However, in other cases higher land costs have stymied development around rural stations. For example, rural station development along Japan's HSR network often took decades to realize, while some areas remain underdeveloped (Ehlers, 2010). Economic activity has increased near stations in regions with self-sustained economic growth, but HSR itself may not change development patterns. For these reasons, some studies suggest that Spain might have benefited more from improving existing rail service than building HSR (de Rus and Inglada, 1997; Gutiérrez, 2001).
It is difficult to determine the exact role played by HSR stations in a community’s economic development. For example, when HSR came to the French city of Lille, it was transformed from a shrinking industrial town to a knowledge-intensive, serviceproducing city within the culturally and economically integrated Oresund region. Much of this change, though, was due to the role Lille plays as an important node between London, Paris and Brussels. Additionally, Lille’s station attracted substantial public and private investment, without which development would not have occurred. (Matthiessen, 2005; Gutiérrez, 2001; Vickerman, 1997; Campos and de Rus, 2009; Ehlers, 2010).
Intelligently Accommodating Growth
According to America 2050, Cascadia’s population is estimated to grow upwards
of 40 percent by 2040 (Hagler and Todorovich, 2009). This dramatic increase has serious
implications for transportation, livability, and the human impacts upon natural systems
both locally and globally. Managing increased congestion between cities in Cascadia will
be a major challenge in the future. Currently, "traffic congestion between Portland and
Seattle is about average, with nearly 50 percent of Interstate 5 operating at above 75
percent of design capacity during the peak hour," but as the region grows, increased
congestion along the only major corridor between these cities may limit both business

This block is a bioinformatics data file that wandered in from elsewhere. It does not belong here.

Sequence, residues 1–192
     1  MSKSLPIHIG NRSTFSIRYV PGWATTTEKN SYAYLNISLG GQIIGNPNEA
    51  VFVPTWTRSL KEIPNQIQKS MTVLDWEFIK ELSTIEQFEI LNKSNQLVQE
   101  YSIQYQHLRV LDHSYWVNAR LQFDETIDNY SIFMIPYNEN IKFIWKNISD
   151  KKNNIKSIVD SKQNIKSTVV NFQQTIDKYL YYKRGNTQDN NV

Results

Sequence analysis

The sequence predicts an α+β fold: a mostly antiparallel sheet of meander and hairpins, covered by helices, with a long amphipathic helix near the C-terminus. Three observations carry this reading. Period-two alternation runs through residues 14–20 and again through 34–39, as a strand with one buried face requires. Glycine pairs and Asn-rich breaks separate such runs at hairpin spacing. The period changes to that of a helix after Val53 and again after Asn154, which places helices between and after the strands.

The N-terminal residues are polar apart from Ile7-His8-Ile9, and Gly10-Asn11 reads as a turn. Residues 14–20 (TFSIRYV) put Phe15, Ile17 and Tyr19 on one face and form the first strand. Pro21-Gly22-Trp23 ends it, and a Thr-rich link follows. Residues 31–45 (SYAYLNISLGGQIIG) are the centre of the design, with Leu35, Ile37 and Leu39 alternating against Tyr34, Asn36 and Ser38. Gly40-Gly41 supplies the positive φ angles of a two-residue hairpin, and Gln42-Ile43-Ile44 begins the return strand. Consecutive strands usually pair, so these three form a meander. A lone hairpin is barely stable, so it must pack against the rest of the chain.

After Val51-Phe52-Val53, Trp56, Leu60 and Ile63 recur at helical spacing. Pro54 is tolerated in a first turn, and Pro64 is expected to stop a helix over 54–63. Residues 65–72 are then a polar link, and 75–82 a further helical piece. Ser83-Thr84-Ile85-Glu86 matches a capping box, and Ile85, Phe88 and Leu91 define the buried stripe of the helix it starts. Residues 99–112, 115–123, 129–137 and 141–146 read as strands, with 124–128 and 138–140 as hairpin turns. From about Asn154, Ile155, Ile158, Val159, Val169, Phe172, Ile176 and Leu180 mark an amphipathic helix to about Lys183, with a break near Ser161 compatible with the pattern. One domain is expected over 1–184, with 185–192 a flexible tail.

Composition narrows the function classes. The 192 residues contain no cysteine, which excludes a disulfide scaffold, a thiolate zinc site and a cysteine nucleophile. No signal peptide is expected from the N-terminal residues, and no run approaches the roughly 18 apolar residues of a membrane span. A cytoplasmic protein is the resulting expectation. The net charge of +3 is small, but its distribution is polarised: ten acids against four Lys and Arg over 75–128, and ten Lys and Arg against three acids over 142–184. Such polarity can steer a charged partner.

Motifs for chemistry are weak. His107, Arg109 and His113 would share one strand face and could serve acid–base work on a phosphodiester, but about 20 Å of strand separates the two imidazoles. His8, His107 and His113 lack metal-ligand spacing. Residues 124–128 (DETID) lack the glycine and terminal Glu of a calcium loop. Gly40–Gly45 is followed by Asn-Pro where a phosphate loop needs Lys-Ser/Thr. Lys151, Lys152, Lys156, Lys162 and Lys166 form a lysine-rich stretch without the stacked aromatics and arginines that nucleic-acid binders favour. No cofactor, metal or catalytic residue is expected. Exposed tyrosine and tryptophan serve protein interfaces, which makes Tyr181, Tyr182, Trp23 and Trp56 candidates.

and personal travel, ultimately leading to fragmentation of the region (Hagler and
The distance between Eugene to Vancouver is only 466 miles, making HSR travel
a potential alternative to short haul flights and automobile traffic in the region. The HSR
network in Spain, for example, halved demand in air travel between Madrid and Sevilla
and there has been a significant reduction in traffic and road congestion between Madrid
and Sevilla (de Rus and Inglada, 1997; Campos and de Rus, 2009). The region has
derived benefits from the associated time-savings, reductions in automobile operating
costs, road repairs, and accident prevention.
In summary, HSR can aid the economic integration of a region, but it should not
be viewed as a panacea for struggling localities (Hagler and Todorovich, 2009;
Vickerman, 1997). Authors have agreed that quantifying HSR’s economic impact is
difficult, but studies indicate a strengthening of existing social, cultural, political, and
economic networks based in urban cores. Urban centers are therefore likely to receive the
largest benefit from HSR in Cascadia, which has direct ethical implications for its
planning and implementation (Sasaki et al., 1997; Melibaeva, 2010; Hagler and
Todorovich, 2009). Examples from Japan, France, Spain, Portugal, the multinational
Oresund region, and potential American sites all support these conclusions.
Utilize Existing Assets
Planners and engineers will face many alignment choices in the implementation
of HSR. There are trade-offs to be considered in deciding whether to use existing tracks,
upgrade infrastructure along existing corridors, or acquire entirely new rights of way. In
addition to monetary costs, there are environmental and political issues to be considered.
The following sections hope to inform these decisions and advocate leveraging the
cultural attitudes within the region.
Utilizing existing transportation corridors can reduce the costs of land acquisition
and construction while minimizing environmental impacts. Substantial barrier effects are
created by roads and railways in both communities and ecological systems, and these
costs must be balanced against benefits of a new corridor (Nash, 2003). HSR can also
follow freeway corridors to reduce the need for right-of-way acquisition, which can take
advantage of current development patterns that follow freeway corridors and potentially
make HSR more accessible.